Staff Links

Angola Trip #2 Wrap-up

Yesterday I left Soyo and flew to Luanda, Angola’s capital. Tomorrow I’ll fly to Gabon via Johannesburg, S. Africa (there are no direct connections between Angola & Gabon, so it’ll take a few days to get there, par for the course in Africa). Tim & Sal are in Soyo for a few more days to deploy 2 more MARUs.

Although we didn’t sight any manatees this trip, I continue to get valuable information from interviews at villages, and as I return to the same villages each time, people remember me and have information on new sightings. I also meet new people every time depending upon who is at the village rather than out fishing when I show up, which increases my pool of responses.

Collecting 101 manatee bones was definitely the work highlight of this trip for me. Joao will contact one of the deceased manatee hunter’s sons to see if we can acquire the harpoons for a cultural display at an Angolan museum. I’m thrilled that the sons are not interested in manatee hunting as a career, but I’m also worried that if the harpoons stay at N’Tutu, someone else will decide to take up the hunt. Manatee meat fetches a much higher price at market than fish. Because Mr. Domingos was the only hunter for such a large area, it would have a big impact on manatee conservation here to get these harpoons “off the street” and into a museum, where they belong.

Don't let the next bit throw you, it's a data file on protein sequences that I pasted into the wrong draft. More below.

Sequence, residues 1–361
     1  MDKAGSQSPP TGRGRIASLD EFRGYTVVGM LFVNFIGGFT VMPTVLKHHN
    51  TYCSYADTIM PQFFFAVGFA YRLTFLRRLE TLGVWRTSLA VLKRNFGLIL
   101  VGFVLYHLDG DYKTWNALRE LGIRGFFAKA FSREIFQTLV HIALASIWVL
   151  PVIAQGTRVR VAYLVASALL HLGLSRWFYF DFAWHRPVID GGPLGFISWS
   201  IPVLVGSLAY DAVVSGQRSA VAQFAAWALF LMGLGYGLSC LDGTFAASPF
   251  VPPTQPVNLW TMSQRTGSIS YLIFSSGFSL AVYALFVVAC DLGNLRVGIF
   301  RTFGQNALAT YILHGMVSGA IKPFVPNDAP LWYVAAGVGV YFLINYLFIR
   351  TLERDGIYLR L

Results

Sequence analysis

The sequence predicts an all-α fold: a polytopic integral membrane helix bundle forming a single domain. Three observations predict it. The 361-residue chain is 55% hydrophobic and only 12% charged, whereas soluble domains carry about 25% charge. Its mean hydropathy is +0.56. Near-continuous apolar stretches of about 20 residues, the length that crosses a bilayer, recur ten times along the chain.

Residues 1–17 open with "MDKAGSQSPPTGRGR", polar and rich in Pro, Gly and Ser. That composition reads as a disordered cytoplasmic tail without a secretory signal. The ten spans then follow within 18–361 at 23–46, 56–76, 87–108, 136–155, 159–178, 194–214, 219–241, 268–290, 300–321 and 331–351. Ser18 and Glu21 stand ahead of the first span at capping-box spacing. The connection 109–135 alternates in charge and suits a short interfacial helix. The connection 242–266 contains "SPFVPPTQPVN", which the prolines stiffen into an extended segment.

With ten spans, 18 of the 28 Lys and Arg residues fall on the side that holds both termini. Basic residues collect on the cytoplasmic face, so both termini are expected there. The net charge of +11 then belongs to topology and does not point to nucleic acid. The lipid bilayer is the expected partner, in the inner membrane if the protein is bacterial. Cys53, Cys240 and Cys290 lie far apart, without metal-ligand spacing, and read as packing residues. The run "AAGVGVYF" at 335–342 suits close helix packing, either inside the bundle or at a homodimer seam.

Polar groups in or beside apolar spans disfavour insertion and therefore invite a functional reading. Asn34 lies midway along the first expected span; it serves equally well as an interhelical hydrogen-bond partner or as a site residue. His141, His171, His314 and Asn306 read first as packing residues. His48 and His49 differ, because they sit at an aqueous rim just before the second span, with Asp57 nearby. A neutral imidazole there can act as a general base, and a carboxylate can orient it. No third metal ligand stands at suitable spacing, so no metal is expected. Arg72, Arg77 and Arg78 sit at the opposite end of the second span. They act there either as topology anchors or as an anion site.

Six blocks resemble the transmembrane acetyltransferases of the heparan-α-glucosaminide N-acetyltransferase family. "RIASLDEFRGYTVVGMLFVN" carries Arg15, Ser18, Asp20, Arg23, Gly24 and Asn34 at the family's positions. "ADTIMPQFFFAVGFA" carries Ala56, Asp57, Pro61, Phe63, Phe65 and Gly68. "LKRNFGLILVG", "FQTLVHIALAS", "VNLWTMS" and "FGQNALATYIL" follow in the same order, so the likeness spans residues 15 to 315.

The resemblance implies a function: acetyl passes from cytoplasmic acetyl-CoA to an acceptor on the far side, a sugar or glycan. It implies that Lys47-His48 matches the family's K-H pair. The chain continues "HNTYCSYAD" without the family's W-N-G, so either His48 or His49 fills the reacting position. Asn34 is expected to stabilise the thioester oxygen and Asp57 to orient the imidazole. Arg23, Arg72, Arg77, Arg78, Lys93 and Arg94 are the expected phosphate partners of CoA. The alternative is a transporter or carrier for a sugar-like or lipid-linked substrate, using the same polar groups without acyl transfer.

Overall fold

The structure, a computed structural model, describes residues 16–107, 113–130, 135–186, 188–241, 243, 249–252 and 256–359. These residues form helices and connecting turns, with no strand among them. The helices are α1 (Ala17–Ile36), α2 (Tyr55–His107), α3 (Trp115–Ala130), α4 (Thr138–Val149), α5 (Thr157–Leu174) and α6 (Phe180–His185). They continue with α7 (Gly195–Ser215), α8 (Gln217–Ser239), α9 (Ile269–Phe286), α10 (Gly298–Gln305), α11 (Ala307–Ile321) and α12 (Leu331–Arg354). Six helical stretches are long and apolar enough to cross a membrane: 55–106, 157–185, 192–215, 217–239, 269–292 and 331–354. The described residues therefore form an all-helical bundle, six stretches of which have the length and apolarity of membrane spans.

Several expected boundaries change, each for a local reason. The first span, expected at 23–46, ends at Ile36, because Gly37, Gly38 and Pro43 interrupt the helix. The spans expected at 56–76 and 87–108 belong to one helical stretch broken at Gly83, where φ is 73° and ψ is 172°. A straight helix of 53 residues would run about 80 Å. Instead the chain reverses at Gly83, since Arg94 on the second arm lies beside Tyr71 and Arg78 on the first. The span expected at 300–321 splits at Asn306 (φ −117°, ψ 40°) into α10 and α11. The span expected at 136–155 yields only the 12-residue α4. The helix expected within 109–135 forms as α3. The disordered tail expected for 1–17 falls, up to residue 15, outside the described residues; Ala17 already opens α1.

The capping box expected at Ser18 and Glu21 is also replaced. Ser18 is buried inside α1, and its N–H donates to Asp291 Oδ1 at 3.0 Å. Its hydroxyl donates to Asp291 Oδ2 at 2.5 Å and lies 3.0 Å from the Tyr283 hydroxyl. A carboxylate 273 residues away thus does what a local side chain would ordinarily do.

Manatee harpoons at rest in N’Tutu… hopefully for good.
One last pic: I love this photo because it sums up my joy at finding so many manatee bones at N’Tutu (with Tim & Warren’s help of course!). The man on the left was the only person around when we arrived at the village, so he showed us around and was amused at our interest in old trash bones.
I’ll probably be back to Soyo in November…

No Comments

Post a Comment


Contact Us

    Your Name

    Your Email


    Your Message

    [recaptcha class:main-contact-captcha]


    P.O. Box 366
    Chilmark, MA 02535

    BP 80 Joal
    23015, Senegal, West Africa



    United States: +1 508-388-9824